Acetaminophen Pregnancy Side Effects May Impact Fetal Development, Scientists Warn
An international group of scientists warns that taking Tylenol or acetaminophen while pregnant may cause neurodevelopmental harm to the unborn child, raising further concerns about pregnancy side effects of the popular pain medication.
The warning is part of a consensus statement co-authored by 13 international scientists, which includes support from more than 91 other international scientists, and was published September 23, in the journal Nature Reviews Endocrinology.
The researchers are calling for the healthcare community to reconsider the safety of acetaminophen during pregnancy, highlighting risks associated with the active ingredient in Tylenol, which is commonly found in more than 600 different medications. Researchers warn that the medications should not be used among pregnant women until they are more thoroughly investigated for any potential impact on fetal development.
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Acetaminophen, also known as paracetamol in Europe, the U.K. and some other parts of the world, is widely used to relieve mild to moderate pain and is also often used as a fever reducer. It is also a common ingredient in cold and flu medications, which are frequently used by pregnant women. However, experimental and epidemiological research indicates exposure during pregnancy may affect fetal development and could increase the risks of some neurodevelopmental, reproductive and urogenital disorders, the researchers warn.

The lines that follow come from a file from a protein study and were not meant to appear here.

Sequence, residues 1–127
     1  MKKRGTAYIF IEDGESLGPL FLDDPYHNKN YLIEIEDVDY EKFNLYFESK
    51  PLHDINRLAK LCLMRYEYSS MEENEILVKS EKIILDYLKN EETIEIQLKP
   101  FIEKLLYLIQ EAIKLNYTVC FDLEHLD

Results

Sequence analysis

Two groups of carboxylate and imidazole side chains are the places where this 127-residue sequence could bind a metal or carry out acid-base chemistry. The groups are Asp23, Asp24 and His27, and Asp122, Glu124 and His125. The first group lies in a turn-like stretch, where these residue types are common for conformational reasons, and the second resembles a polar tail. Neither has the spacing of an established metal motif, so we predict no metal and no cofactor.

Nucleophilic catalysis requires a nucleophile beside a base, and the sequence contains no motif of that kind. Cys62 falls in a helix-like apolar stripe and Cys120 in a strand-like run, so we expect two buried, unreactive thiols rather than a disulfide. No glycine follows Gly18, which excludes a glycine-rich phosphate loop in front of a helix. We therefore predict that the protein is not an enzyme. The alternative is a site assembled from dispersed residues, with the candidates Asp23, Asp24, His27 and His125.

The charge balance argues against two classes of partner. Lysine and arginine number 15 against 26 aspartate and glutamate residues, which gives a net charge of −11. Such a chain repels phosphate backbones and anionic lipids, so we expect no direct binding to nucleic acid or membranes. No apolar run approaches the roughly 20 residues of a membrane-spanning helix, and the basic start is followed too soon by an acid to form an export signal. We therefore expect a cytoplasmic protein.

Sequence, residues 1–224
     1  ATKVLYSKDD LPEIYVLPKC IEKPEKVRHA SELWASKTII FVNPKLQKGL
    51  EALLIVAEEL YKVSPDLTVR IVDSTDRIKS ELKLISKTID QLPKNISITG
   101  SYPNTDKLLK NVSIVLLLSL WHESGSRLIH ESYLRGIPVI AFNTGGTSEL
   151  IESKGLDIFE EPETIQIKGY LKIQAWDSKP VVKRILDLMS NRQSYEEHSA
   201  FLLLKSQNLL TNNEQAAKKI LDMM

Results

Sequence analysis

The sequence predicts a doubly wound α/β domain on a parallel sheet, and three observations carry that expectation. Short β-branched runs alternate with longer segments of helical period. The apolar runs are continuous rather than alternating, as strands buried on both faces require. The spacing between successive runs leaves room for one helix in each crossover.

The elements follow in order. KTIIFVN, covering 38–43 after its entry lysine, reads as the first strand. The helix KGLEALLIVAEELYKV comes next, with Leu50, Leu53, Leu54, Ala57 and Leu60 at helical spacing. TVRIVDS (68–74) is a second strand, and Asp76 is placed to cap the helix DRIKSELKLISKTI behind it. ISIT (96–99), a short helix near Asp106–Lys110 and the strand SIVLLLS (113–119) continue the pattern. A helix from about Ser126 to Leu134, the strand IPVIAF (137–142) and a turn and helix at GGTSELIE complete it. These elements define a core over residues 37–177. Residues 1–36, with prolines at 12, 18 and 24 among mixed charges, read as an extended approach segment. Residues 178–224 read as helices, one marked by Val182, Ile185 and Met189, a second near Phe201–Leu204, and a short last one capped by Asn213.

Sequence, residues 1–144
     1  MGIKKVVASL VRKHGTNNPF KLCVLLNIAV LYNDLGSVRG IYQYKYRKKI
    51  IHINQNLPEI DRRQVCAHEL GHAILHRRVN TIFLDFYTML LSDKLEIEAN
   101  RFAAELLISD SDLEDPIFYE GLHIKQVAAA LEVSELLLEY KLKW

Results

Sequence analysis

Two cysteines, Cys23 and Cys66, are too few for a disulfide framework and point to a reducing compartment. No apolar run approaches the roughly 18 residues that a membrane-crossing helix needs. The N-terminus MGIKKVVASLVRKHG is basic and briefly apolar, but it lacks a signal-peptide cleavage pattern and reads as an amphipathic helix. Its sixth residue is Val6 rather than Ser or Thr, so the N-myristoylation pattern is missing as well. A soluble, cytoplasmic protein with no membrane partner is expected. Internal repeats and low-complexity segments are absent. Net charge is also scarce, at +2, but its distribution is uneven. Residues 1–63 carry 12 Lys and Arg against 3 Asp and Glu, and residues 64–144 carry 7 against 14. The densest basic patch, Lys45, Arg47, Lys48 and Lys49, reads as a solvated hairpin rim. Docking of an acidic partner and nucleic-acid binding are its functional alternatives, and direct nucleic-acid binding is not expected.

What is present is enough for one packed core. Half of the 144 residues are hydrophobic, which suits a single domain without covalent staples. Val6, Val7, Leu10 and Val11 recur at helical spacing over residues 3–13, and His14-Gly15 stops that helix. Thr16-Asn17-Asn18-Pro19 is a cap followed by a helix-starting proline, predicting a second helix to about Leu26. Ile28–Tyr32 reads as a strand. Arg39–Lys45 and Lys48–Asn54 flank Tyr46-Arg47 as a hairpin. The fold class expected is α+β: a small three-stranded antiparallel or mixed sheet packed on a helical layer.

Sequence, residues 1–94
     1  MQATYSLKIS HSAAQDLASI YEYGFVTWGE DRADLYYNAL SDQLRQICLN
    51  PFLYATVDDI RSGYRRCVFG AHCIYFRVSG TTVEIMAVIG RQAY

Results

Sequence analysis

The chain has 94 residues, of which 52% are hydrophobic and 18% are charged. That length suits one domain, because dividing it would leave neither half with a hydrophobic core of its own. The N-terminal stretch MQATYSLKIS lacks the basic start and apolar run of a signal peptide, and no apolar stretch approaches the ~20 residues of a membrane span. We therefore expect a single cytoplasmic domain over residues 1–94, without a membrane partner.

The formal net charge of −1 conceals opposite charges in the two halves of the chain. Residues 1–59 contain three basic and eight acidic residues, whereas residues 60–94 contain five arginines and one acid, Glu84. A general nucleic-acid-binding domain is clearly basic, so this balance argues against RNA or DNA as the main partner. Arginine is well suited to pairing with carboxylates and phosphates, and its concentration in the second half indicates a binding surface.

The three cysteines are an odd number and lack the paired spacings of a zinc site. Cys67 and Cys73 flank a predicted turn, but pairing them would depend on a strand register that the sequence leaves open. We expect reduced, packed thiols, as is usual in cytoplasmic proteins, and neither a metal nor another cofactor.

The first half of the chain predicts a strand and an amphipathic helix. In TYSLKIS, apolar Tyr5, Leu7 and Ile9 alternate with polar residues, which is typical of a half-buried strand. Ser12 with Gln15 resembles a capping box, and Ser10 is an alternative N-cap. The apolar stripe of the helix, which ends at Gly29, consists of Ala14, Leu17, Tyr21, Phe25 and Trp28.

Although acetaminophen is approved by both the FDA and the European Medicines Agency, and both agencies consider it appropriate for use during pregnancy, the statement calls for precautionary action and for additional focused research on the use of acetaminophen use among pregnant women. Scientists from Australia, Brazil, Canada, Europe, Israel, Scotland, the UK and the US also call for increased awareness among doctors and other healthcare professionals when advising pregnant women on the use of Tylenol and other drugs containing acetaminophen.
In some cases, taking acetaminophen may be necessary. There are medical reasons to use the drug, including reducing fever and to treat severe pain. High fever is a known risk factor for fetal disorders, including neural tube defects and cardiovascular disorders.
However, most pregnant women are not using Tylenol to treat fever. Instead, the drug is commonly used to treat headache, back pain, muscle pain and inflammation. More than 50% of women worldwide use the drug during pregnancy. Most don’t believe acetaminophen can cause any side effects.
Acetaminophen is the only pain reliever generally considered safe for use during pregnancy, leaving pregnant women with few alternatives. Ibuprofen, the active ingredient in Advil or Motrin, has been linked with birth defects and damage to infant hearts.
At least one previous study has linked acetaminophen use during pregnancy to increased risk of attention deficit hyperactivity disorder (ADHD) and other neurodevelopmental problems. That study also called for the drug to be reevaluated for safety during pregnancy.
The consensus statement recommends pregnant women be warned at the beginning of pregnancy not to use Tylenol, unless its use is medically indicated, and to talk with their doctor if they are unsure whether to use the medication or not. When the drug is necessary, the researchers advised pregnant women to minimize their exposure and use the lowest effective dose for the shortest possible time.
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